According to ACER, the Network Code on Electricity Balancing should require the harmonisation of the pricing method for balancing energy products, which is intended to give correct price signals and incentives to market participants.


The rules for defining, reviewing and changing the common pricing method pursuant to the ACER’s vision should be set forth in the Network Code on Electricity Balancing. Pursuant to the Framework Guidelines the initial proposal for such common pricing method is to be submitted to the ACER and all National Regulatory Authorities (NRAs) no later than one year after the entry into force of the Network Code.


The marginal pricing (pay-as-cleared) is perceived by ACER as a default mechanism for the said initial proposal, unless transmission system operators (TSOs) provide all NRAs with a detailed analysis demonstrating that a different pricing method is more efficient for EU-wide implementation.


However, in the context of the ACER-proposed European Common Merit Order, ENTSO-E in its document of 22 June 2012 draws the attention to the important differences between Frequency Restoration Reserves and Replacement Reserves.


The main purpose of the Frequency Restoration Reserves (FRR) is the short term (within minutes) offsetting of contingencies and imbalances caused by the volatility of the system in case of the absence of market reaction; i.e. imbalances inside the settlement time frame.

ENTSO-E underlines that the development of a European Common Merit Order is in that regard technically complicated and limited due to operational constraints.

In effect ENTSO-E poses a question, whether a pan-European Common Merit Order is a reasonable goal for automatic Frequency Restoration Reserves.


In contrast the Replacement Reserves (RR) aims at the balancing of persistent imbalances (> 15 minutes) caused by the forecast errors (market, renewable) or incidents in case of the absence of market reaction and is by nature much more appropriate for European market integration.


In ENTSO-E opinion expressed in the above document of 22 June 2012 these differences should be properly reflected in the European Common Merit Order design.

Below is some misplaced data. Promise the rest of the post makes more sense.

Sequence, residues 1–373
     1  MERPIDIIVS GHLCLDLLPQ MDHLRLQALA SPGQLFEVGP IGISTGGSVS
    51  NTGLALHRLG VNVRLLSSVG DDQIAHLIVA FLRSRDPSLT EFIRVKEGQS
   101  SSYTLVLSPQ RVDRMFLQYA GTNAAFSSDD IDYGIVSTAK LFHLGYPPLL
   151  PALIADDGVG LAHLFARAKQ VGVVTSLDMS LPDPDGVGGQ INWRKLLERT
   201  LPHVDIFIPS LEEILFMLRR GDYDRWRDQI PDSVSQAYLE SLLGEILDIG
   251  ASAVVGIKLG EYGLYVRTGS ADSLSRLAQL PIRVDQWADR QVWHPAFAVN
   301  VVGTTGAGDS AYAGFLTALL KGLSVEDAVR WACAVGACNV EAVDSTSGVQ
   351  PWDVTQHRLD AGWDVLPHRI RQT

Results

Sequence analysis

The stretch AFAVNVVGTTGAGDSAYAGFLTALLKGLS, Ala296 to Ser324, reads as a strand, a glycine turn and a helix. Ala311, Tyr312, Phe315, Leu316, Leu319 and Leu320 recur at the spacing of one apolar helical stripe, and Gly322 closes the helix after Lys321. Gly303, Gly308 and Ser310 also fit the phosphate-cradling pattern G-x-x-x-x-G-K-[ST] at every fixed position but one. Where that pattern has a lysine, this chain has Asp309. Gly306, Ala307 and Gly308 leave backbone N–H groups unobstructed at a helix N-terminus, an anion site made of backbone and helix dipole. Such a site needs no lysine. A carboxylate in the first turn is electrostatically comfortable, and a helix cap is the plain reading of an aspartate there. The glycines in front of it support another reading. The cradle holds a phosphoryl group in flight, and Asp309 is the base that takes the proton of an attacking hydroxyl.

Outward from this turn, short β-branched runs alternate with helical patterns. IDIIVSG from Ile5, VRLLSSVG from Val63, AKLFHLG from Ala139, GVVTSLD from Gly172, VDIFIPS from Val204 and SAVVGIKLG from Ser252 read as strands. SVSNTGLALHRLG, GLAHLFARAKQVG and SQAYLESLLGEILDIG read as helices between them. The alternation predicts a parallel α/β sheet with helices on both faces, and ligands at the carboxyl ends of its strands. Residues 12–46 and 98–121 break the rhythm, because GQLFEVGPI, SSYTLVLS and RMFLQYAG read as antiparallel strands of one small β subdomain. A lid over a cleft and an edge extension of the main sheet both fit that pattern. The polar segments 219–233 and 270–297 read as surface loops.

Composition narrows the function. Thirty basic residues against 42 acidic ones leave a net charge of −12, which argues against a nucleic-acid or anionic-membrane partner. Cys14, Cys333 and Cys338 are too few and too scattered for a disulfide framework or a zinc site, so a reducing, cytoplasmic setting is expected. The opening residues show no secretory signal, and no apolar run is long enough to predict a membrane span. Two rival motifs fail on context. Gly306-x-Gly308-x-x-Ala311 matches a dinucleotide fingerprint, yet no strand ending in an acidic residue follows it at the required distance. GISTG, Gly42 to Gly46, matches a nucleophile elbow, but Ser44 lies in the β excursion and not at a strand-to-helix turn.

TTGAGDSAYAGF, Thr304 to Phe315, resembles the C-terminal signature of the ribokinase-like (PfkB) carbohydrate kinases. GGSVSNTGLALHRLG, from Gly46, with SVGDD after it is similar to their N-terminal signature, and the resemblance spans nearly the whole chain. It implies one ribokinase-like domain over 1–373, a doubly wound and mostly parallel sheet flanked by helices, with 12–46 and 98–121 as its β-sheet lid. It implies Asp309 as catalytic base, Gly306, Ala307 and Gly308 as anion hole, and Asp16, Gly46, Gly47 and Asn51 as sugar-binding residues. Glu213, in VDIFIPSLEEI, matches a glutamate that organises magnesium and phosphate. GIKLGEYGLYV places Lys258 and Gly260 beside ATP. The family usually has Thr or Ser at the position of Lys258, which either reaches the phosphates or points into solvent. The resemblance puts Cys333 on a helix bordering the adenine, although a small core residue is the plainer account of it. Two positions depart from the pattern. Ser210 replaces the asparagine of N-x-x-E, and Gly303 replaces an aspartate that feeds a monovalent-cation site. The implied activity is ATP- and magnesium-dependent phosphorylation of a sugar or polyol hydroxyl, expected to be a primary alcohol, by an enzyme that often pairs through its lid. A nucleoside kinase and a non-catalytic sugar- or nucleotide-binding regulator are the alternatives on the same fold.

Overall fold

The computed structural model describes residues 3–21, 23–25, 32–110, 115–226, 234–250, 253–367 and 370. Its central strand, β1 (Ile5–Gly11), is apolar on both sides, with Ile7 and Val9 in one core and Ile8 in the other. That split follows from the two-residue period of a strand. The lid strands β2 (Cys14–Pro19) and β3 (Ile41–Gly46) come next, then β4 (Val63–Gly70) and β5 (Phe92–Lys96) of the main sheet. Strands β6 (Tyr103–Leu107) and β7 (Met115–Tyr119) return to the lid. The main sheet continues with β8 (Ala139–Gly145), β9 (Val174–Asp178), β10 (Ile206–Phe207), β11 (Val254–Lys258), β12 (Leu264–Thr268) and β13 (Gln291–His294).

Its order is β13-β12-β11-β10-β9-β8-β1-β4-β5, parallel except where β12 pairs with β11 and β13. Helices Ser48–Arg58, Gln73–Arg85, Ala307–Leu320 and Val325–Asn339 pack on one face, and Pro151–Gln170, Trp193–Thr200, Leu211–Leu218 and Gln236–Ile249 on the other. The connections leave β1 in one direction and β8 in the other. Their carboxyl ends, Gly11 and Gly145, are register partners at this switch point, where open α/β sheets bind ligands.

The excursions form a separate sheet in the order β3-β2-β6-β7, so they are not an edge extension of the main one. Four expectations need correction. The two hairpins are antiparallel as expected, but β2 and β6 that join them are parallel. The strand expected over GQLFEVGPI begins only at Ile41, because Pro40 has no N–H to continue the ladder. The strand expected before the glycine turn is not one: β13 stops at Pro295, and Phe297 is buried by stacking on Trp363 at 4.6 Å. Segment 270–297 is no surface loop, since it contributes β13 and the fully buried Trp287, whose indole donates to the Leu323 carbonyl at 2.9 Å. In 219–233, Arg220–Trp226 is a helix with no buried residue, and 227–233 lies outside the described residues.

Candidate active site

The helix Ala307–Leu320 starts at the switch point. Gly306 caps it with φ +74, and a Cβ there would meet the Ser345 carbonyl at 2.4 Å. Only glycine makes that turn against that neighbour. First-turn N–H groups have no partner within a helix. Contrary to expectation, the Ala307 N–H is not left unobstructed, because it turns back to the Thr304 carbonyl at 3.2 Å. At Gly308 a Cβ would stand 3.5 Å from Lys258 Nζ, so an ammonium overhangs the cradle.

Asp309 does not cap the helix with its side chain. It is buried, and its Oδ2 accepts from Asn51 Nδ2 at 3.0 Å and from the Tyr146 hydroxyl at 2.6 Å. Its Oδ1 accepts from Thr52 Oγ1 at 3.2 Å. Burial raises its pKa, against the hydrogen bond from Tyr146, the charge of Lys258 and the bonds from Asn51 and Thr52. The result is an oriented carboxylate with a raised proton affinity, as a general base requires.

It appears that the stance of ACER inherent in the Framework Guidelines does not share the ENTSO-E fears for no experience with target models and its recommendation to proceed with caution. It is possible that the politically-set tight deadlines for launching Internal Electricity Market could potentially play its role in this choice.


Other key issues


Among other requirements set by ACER in the Framework Guidelines, which seem particularly noteworthy, are:


1. The Network Code on Electricity Balancing should oblige TSOs to allow the participation of balancing resources to provide balancing energy, without having a contract for reserves, at least for resources that are used as Replacement Reserves and manually activated Frequency Restoration Reserves.


2. The Network Code on Electricity Balancing should foresee that the settlement rules between TSOs include financial compensation for balancing energy exchanged implicitly, in particular due to the netting of system imbalances and due to unintentional deviations (difference between the control area schedules and tie-line flows), based on the prices of balancing energy.


3. The Network Code on Electricity Balancing should prohibit any additional charge (except for losses in consistency with other timeframes, if approved by relevant NRAs) for the exchange of balancing energy for TSOs, which use the available transfer capacity after the intraday cross-border gate closure time. This rule should not prevent cost recovery for exempted interconnectors – if foreseen in their exemption – if they are used to facilitate the exchange of balancing energy, in consistency with other timeframes.


4. The Network Code on Electricity Balancing should require that the terms and conditions related to balancing allow for load entities (whether through aggregators or not) as well as generation units from renewable and intermittent energy sources to become Balance Service Providers.


5. The Network Code on Electricity Balancing should also allow for specific balancing energy and balancing reserve products, if the resources from standard products would not be sufficient to balance the system, and if this does not create significant inefficiencies and distortions in national or cross-border adjacent markets. In such cases, TSOs using these specific products should justify the existence of these products and seek the approval or fixing of the relevant NRAs.